The number of air travellers globally is only expected to grow. Airports with a finite physical space within which to operate need to be agile and innovative to cater for that growth. Last year alone, Sydney Airport welcomed an additional one million passengers (almost all of those arrived on next-generation aircraft).

Globally, IATA expects the number of air passengers to double to 8.2 billion by 2037, with the Asia-Pacific region significantly contributing to this growth. Infrastructure upgrades and expansions alone are not the answer to accommodating this growth in a way that ensures a world-class passenger experience. It’s imperative that technology plays a key role and that’s something we’re very much focused on.

Biometric technology will allow us to more efficiently make use of our existing footprint, reduce processing times and keep passengers moving quickly and comfortably as numbers continue to grow. That’s also true for many of the technological improvements we’ve made across our terminals. In March, we began rolling out self-service check-in kiosks and automated bag drop at T1 International. We’ve also focused on using technology to improve wayfinding and were the first organisation outside of greater China to introduce Chinese language indoor mobile navigation app Baidu Maps, as well as Google Maps and Apple Maps. Our multilingual digital wayfinding kiosks are now available in nine languages, and our passengers can also receive personalised flight updates via Twitter and Facebook Messenger.

The airport’s facial recognition processing trial is part of this overarching strategy to find new ways to use technology for the benefit of travellers, who are increasingly tech-savvy and expect a true seamless experience. They’re accustomed to technology replacing paper-based processes and enjoying streamlined, integrated experiences. As such, the shift from needing to produce physical passports and boarding passes is viewed by many as a natural progression. Additionally, as any parent who’s manoeuvred three kids and a stack of luggage through a busy terminal will tell you, it’s a welcome one. The most keenly felt benefit, however, will be the speed at which passengers will move through the various stages of the airport journey, thanks to improved passenger flows driven by a more efficient processing system.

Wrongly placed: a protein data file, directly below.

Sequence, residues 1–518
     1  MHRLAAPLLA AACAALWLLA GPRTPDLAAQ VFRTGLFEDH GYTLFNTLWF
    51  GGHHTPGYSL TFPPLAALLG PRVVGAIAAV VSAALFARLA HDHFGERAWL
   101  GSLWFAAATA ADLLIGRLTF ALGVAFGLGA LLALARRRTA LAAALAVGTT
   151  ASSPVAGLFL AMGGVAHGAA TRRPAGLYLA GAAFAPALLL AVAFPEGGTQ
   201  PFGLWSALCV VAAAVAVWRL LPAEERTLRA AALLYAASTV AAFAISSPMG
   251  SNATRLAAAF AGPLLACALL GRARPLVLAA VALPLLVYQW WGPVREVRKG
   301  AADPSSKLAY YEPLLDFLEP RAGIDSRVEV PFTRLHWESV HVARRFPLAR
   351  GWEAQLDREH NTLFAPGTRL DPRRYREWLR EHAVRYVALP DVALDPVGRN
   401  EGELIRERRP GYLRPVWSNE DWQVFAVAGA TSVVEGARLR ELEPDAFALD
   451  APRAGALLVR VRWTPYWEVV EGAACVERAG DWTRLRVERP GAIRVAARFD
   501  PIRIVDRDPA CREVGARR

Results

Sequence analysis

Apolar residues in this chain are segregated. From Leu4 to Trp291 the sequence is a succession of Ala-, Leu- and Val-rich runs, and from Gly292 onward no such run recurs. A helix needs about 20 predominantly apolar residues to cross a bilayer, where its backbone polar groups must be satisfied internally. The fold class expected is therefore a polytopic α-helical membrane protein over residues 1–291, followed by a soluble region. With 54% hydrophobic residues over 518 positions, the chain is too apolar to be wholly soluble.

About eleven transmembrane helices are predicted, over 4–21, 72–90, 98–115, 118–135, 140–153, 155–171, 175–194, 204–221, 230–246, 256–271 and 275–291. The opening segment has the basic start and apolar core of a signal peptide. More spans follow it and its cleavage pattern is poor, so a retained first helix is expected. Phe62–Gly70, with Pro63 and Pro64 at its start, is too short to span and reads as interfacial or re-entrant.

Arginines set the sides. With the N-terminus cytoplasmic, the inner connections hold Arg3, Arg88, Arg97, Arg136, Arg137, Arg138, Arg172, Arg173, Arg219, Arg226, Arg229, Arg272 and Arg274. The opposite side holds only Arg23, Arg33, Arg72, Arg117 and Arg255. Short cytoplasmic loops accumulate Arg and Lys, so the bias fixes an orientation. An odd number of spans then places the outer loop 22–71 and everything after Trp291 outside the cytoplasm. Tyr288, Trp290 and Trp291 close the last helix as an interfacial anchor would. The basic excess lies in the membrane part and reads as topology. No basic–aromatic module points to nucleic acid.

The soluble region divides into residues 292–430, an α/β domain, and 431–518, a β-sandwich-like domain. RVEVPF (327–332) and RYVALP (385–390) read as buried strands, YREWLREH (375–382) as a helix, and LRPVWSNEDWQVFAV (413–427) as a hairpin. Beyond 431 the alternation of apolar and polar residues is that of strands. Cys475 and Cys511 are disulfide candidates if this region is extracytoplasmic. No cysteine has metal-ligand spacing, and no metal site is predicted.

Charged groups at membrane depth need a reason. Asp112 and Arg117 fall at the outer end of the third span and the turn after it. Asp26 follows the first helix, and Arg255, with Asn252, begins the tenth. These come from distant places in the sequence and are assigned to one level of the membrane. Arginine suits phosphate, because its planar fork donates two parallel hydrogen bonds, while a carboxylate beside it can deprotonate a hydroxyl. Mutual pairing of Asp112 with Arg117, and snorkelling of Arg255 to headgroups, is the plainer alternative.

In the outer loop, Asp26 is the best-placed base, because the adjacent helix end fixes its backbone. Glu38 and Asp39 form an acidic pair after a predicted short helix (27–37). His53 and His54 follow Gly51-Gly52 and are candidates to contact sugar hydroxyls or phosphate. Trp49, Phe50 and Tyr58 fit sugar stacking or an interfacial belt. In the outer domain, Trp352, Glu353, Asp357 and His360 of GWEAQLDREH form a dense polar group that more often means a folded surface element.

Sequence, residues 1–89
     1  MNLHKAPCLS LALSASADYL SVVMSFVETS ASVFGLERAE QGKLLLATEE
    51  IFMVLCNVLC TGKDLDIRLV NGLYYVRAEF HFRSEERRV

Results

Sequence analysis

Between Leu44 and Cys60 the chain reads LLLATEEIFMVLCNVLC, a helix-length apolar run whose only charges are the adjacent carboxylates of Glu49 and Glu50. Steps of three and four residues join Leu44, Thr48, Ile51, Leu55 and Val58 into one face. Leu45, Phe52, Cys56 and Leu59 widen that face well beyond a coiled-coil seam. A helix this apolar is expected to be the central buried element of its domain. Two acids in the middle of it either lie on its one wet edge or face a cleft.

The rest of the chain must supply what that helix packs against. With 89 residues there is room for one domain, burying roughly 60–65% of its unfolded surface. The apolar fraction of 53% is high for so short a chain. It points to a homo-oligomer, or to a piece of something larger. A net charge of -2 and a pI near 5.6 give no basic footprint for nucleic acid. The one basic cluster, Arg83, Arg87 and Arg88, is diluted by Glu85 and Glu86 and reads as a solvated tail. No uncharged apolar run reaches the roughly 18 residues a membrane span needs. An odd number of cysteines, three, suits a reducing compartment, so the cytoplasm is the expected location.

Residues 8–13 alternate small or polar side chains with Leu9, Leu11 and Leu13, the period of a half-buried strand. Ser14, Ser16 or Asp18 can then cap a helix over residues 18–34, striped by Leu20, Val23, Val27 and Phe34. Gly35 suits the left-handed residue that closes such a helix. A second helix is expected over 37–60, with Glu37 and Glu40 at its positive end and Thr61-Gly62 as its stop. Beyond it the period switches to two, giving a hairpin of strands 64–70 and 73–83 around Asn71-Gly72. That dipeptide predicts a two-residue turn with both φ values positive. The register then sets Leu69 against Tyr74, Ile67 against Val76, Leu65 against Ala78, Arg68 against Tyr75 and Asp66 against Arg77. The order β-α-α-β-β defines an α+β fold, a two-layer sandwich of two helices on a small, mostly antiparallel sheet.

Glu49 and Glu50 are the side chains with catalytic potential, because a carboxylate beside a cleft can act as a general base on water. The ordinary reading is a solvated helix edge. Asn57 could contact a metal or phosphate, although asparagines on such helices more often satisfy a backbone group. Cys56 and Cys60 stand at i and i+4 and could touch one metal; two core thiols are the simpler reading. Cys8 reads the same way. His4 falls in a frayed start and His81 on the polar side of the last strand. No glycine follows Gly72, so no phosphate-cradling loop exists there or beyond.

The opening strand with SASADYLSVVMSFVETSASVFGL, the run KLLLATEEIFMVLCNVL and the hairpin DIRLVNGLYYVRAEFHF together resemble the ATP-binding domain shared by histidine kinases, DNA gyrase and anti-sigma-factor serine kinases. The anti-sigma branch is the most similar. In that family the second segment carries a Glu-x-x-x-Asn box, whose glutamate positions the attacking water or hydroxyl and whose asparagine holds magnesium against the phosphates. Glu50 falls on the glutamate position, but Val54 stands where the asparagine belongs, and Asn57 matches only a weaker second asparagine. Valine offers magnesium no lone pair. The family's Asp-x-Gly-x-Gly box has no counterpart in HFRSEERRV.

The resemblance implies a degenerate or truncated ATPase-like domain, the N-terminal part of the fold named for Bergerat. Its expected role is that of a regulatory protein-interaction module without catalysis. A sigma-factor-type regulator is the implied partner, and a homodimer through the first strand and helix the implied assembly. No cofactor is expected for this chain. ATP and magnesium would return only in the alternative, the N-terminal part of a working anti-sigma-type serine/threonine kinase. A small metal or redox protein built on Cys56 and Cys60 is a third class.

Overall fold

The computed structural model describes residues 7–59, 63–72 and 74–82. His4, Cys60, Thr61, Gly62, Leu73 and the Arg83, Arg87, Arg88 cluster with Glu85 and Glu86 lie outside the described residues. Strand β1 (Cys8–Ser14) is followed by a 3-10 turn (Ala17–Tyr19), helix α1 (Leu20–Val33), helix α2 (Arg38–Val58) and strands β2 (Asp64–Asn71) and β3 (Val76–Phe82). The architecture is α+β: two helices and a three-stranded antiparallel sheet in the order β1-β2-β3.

We’re proud to be at the forefront of this exciting technological evolution. It will allow us to continue to cater for growth, while providing a world-class experience, that is underpinned by cutting-edge technology and genuine innovation for the more than 43 million passengers that pass through the airport annually.

In 2019, Sydney Airport will celebrate its Centenary. It will be a chance to reflect not only on our past but focus on the future and the many exciting ways technology will continue to evolve and help shape our industry. In a few decades, I imagine we’ll look back upon the introduction of biometrics processing in the same way we view other advancements that have dotted the history of airports and aviation. This is undoubtedly a game-changer for our industry.


Geoff Culbert joined Sydney Airport as Chief Executive Officer in January 2018. He brings extensive commercial and operational experience along with a track record of working closely and collaboratively with customers, business partners and government. Prior to joining Sydney Airport, Geoff worked for General Electric (GE) in several senior global and domestic roles, most recently as the President and Chief Executive of GE Australia and New Zealand & Papua New Guinea. Geoff has also served as the Chair of the Energy and Climate Committee of the Business Council of Australia and on the Board of the American Chamber of Commerce.

One response to “Sydney Airport plans on greeting the future face-first”

  1. Carlos Fuentealba Jelves says:

    Excellent article. From my position of Evaluation of Threats and Risks AVSEC of Chile, certainly the Airport of Sydney is a benchmark model to follow for its demonstrated excellence in these 100 years of operations.